- Resveratrol use in metabolic syndrome. [Journal Article]
- Metab Syndr Relat Disord 2014 Dec; 12(10):493-5.
- Changes in Fat Distribution in Children Following Severe Burn Injury. [JOURNAL ARTICLE]
- Metab Syndr Relat Disord 2014 Sep 11.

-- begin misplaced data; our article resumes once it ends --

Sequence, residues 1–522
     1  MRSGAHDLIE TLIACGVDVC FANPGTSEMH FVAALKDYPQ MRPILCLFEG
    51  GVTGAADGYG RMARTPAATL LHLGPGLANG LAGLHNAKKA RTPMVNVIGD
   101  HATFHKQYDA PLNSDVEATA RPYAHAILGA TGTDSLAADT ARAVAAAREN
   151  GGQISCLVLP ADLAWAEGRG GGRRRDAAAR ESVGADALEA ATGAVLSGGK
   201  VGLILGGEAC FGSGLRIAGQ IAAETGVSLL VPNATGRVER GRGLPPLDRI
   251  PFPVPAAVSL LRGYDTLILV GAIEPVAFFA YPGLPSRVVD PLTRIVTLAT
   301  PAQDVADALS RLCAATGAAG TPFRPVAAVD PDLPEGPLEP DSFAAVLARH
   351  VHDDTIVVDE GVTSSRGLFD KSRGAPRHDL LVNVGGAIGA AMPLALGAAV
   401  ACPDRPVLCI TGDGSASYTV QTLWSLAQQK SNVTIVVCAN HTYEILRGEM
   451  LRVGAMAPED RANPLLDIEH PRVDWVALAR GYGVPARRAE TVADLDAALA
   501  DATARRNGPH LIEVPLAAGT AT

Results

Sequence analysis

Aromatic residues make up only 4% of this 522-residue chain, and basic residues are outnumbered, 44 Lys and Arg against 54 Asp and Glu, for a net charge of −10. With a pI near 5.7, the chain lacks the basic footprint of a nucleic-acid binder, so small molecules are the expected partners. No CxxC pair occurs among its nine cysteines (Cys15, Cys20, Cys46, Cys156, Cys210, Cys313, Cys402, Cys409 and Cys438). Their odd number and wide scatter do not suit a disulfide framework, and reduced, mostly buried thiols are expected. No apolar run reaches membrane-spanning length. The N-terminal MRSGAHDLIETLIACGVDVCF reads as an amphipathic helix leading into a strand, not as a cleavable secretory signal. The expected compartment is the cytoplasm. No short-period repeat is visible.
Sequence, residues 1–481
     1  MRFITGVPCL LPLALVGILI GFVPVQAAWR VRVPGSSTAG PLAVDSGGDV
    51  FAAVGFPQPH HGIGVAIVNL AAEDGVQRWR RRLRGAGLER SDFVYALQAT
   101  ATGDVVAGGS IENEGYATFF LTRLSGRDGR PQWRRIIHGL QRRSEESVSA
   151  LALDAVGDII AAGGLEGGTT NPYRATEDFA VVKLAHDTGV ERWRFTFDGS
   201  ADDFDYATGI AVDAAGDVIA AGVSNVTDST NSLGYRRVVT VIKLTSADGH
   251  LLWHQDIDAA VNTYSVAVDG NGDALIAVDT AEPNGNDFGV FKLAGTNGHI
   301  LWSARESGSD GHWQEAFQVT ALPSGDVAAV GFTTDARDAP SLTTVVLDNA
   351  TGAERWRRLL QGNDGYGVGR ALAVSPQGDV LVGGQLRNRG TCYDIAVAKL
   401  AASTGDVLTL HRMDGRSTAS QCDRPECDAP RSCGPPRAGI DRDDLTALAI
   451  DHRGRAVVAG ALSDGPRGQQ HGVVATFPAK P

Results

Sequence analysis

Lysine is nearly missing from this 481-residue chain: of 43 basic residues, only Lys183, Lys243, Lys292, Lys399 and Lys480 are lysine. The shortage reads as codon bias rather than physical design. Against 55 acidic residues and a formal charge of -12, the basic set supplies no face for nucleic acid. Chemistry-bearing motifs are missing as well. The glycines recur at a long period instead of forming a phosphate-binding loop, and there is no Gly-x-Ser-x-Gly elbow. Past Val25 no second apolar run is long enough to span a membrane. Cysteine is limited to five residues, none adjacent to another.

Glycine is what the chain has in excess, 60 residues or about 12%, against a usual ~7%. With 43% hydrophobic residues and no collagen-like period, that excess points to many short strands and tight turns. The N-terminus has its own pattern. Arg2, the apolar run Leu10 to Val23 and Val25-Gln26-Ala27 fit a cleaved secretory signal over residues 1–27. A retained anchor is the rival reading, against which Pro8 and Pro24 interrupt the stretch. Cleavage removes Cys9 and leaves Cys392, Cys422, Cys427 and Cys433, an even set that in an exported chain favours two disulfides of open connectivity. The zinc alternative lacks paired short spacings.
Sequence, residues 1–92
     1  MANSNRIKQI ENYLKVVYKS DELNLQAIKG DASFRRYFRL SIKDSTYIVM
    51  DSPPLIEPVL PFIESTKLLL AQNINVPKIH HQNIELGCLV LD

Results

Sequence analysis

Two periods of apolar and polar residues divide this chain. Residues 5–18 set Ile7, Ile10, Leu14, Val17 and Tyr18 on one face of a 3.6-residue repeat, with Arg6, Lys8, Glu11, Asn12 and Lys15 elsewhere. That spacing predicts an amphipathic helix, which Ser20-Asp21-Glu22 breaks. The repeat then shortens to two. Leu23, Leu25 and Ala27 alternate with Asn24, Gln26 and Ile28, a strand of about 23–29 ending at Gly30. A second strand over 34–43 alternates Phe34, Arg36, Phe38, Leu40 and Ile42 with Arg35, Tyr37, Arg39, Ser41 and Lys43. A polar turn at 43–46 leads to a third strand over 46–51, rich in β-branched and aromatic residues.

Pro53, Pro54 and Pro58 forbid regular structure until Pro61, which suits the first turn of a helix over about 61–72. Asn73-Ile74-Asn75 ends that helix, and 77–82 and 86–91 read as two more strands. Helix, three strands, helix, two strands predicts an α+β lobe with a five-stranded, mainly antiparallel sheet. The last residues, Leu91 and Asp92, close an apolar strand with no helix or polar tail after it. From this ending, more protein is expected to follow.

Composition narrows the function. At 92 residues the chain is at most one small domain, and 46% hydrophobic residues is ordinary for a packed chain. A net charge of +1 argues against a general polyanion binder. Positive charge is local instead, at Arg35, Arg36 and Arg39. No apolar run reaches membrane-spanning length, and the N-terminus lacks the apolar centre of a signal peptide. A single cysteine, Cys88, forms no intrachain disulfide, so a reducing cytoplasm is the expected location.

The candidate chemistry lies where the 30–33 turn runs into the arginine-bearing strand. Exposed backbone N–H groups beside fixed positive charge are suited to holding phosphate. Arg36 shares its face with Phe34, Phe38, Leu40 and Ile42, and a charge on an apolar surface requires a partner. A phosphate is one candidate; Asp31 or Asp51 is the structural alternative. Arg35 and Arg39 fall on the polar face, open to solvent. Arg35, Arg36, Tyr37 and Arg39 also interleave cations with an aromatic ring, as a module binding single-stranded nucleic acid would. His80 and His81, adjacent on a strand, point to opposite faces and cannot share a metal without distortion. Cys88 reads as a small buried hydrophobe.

Abstract Background: Children with severe cutaneous burn injury show persistent metabolic abnormalities, including inflammation and insulin resistance. Such abnormalities could potentially increase their future risk for developing type 2 diabetes mellitus (T2DM) and cardiovascular disease (CVD). This could be related to changes in body composition and fat distribution. Methods: We studied body composition, fat distribution, and inflammatory cytokines changes in children with severe burn injury up to 6 months from discharge. Sixty-two boys and 35 girls (burn ≥30% of total body surface area) were included. Results: We found a decrease in total body fat and subcutaneous peripheral fat at 6 months (6% and 2%, respectively; P<0.05 each). An inverse correlation between the decrease in peripheral fat content at 6 months and the extent of burn injury (r=-041, P=0.02) was also observed. In addition, there was a 12% increase in serum tumor necrosis factor-α (TNF-α) (P=0.01 vs. discharge) and 9% decrease in serum interleukin-10 (IL-10) (P<0.0001 vs. discharge) over 6 months after burn. Conclusion: Severe burn injury in children is associated with changes in body fat content and distribution up to 6 months from hospital discharge. These changes, accompanied by persisting systemic inflammation, could possibly mediate the observed persistence of insulin resistance, predisposing burn patients to the development of T2DM and CVD.